Rhiwbina Centenary: The Air Raid on Wenallt Road, 1943

Thomas family, Wenallt Road, Rhiwbina
Thomas family, Wenallt Road, Rhiwbina
Thomas family, Wenallt Road, Rhiwbina


By John Lloyd Thomas air raid

On the 18th May 1943, I was 8 years old and my sister Shirley was 10. We were living at 27 Wenallt Road at the time of the raid, which occurred at 2.30am.

My father, John Evan Thomas, was on duty with the Home Guard. My mother, Gwenllian, was in bed upstairs and my sister and I were asleep in our Morrison air raid shelter, in the downstairs front room.

The first we knew of the air raid was terrific explosions. We went to the window to see what was happening, and all we could see was fire and bombs exploding all around us. A high explosive bomb had landed outside No.32, the home of Mrs Jenette. It was very close to us – about 40ft away from our window. It had hit the gas main and the flames were leaping as high as the houses.

The house opposite and to the right, No.26, the home of Mrs and Mrs Davies, was completely on fire, but luckily, they all managed to get out safely. The house had apparently been hit by fire bombs.

Suddenly, there was a knock at our front door. By this time, my mother was out of bed. She answered the door to an air raid warden who told her that we must leave immediately, as it looked as though an unexploded bomb had landed in the garden of next door – No. 25 – and may have gone under our house.

We left immediately, dressed only in our pyjamas. Once outside, I remember seeing Mr Sidney Pugh – he was the owner of the garden centre, and lived at No.28. He was trying to kick a burning firebomb out of his hedge. I don’t know if he succeeded as our mother took us up the Wenallt, where she thought it would be safe. We spent about three hours up there, eventually walking down by way of Rhiwbina Hill.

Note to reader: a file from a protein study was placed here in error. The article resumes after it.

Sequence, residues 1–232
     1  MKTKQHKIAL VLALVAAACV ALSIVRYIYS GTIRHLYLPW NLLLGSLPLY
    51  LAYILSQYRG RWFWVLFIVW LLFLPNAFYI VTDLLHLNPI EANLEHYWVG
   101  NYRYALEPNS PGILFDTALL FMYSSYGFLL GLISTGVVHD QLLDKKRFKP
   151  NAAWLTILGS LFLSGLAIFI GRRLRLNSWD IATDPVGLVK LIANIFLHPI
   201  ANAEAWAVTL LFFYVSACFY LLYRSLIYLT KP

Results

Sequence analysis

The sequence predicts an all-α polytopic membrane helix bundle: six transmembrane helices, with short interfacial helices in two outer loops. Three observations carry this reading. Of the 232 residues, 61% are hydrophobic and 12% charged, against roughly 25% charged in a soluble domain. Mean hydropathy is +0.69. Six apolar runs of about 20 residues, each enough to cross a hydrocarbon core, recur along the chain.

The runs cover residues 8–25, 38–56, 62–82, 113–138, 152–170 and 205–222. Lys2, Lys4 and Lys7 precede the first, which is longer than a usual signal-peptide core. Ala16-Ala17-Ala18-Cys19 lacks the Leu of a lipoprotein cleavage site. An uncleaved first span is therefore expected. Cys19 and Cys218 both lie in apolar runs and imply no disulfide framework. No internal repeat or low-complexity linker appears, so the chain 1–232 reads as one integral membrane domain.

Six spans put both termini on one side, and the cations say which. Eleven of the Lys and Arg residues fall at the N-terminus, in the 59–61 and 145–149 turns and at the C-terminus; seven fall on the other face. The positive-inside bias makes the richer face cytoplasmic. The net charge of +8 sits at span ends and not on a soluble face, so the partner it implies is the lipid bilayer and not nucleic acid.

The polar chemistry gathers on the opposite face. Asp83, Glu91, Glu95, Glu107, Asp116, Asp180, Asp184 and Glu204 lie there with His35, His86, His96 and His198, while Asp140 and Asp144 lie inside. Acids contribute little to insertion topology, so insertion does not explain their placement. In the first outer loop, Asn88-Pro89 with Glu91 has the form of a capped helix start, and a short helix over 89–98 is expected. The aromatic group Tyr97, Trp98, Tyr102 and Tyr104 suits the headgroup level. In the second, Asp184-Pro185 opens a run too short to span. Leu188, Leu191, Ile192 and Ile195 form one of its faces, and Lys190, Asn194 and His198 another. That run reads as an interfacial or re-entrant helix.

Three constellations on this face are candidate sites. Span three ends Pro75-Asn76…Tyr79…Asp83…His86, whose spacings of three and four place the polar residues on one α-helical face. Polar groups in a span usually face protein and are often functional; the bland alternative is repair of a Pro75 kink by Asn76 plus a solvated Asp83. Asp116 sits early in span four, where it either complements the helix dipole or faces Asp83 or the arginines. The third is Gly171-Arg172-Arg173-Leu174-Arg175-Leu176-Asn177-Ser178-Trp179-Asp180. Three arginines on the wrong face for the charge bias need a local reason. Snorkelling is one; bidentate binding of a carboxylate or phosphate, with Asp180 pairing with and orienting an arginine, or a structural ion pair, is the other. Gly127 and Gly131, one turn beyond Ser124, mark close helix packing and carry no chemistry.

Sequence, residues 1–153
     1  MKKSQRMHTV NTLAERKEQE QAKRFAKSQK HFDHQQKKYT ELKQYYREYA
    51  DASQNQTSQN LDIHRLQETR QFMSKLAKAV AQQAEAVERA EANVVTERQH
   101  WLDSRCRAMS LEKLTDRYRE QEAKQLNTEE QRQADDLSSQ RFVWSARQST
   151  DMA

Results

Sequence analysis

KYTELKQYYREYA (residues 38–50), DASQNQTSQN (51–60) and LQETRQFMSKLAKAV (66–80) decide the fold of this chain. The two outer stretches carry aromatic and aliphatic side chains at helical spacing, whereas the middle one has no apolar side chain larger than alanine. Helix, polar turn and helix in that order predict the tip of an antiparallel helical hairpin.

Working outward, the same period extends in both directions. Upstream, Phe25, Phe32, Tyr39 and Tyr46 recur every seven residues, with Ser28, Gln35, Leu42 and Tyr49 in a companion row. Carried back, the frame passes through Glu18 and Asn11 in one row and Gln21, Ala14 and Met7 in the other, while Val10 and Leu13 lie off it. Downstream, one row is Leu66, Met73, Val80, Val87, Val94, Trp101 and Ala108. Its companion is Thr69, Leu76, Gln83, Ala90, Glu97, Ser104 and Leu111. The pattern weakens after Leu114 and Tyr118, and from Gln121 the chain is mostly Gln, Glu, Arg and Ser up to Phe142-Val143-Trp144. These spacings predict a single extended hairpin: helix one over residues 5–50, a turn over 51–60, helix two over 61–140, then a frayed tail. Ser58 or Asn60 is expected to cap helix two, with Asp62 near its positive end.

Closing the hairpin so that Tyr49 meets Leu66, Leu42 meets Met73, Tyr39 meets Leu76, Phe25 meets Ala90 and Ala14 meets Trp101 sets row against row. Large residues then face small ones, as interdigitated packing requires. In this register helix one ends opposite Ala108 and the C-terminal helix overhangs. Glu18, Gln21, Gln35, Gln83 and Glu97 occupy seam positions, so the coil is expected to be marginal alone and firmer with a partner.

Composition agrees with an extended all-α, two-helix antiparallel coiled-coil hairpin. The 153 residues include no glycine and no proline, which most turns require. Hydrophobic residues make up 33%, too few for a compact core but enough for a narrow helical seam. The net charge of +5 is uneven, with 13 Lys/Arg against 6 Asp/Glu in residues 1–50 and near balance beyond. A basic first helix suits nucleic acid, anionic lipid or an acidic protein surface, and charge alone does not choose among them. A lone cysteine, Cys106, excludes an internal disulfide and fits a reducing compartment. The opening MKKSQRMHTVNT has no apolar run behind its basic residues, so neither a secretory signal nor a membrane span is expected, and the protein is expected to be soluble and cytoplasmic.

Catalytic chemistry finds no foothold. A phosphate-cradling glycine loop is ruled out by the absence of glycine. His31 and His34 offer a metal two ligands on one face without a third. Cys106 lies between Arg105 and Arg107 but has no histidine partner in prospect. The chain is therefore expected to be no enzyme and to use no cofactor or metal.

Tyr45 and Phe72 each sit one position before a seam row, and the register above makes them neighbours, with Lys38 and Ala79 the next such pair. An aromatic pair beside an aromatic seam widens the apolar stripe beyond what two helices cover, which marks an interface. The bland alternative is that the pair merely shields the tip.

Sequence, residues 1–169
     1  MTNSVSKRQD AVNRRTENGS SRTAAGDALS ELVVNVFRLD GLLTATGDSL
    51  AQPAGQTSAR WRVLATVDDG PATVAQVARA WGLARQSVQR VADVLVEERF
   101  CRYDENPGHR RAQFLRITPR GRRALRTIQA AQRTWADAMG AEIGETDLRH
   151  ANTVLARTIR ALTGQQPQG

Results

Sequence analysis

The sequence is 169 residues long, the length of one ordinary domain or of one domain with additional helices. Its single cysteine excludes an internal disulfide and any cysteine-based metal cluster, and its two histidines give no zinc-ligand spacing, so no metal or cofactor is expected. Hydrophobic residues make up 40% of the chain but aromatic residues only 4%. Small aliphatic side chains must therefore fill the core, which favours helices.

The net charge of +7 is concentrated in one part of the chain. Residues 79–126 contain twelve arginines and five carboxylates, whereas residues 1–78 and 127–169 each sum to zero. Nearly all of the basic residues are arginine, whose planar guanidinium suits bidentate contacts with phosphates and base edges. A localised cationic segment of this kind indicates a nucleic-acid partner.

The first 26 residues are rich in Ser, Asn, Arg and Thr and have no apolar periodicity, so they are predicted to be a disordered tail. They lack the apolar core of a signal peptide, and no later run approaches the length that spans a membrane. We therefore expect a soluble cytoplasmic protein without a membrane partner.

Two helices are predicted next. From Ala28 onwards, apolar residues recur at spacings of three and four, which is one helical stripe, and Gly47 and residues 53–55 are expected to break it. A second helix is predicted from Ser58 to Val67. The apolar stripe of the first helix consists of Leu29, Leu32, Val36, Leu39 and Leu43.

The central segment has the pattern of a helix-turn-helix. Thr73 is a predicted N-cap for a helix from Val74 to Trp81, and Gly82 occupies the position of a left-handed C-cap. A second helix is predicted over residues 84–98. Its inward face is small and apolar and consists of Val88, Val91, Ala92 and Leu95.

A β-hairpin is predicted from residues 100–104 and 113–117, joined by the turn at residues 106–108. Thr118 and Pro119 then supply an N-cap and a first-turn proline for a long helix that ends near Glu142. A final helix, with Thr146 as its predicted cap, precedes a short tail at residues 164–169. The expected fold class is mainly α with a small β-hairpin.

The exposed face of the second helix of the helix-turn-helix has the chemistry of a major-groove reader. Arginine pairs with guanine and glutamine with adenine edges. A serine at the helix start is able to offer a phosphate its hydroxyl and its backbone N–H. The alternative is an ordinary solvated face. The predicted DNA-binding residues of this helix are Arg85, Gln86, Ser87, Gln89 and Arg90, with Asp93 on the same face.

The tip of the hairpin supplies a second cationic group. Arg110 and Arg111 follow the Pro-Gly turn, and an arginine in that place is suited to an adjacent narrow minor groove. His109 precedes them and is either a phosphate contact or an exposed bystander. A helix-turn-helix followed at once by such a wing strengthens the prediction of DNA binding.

Mr Lewis, who lived at No.36, saw us walking down the street, guessed what had happened, and invited us into his house. After giving us refreshments, he insisted that the three of us make use of his bed for the rest of the night.

The next morning, we were told that it was not safe to go back to Wenallt Road so we went to Pentrych and stayed with our relatives for a few days. On returning to Wenallt Road, we could clearly see the result of the air raid. Pugh’s Garden Centre (which has since moved to Morganstown, Radyr), had taken quite a pounding with high explosives and incendiary bombs. There was glass everywhere.

The fire at No.26 was now out but only the shell of the building remained. A mine had landed in Pugh’s field, just behind the garden centre. The crater it caused was so big that you could bury a house there; it was later used for years by local people as a place to put their household and garden rubbish. An open space between the Wenallt Court flats now occupies the crater site as it was not possible to build on it – subsidence would have been inevitable.

The area where most of the bombs had landed was covered in clods of earth thrown up by the explosions. Many windows had been broken. The lath and plaster ceilings of most houses in the immediate area had either come down or were cracked.

For a few weeks after the raid, my friends and I would search the area and collect any pieces of shrapnel and all burned out firebombs that we could find. I kept mine for years, only to find that my mother had thrown them all out while I was away in Egypt with the Royal Air Force – believe it or not – working on bomb disposal.

I believe that the target of the raid was the Royal Ordnance Factory, but the greenhouses of the Garden Centre were mistaken for it – good aiming, wrong target.






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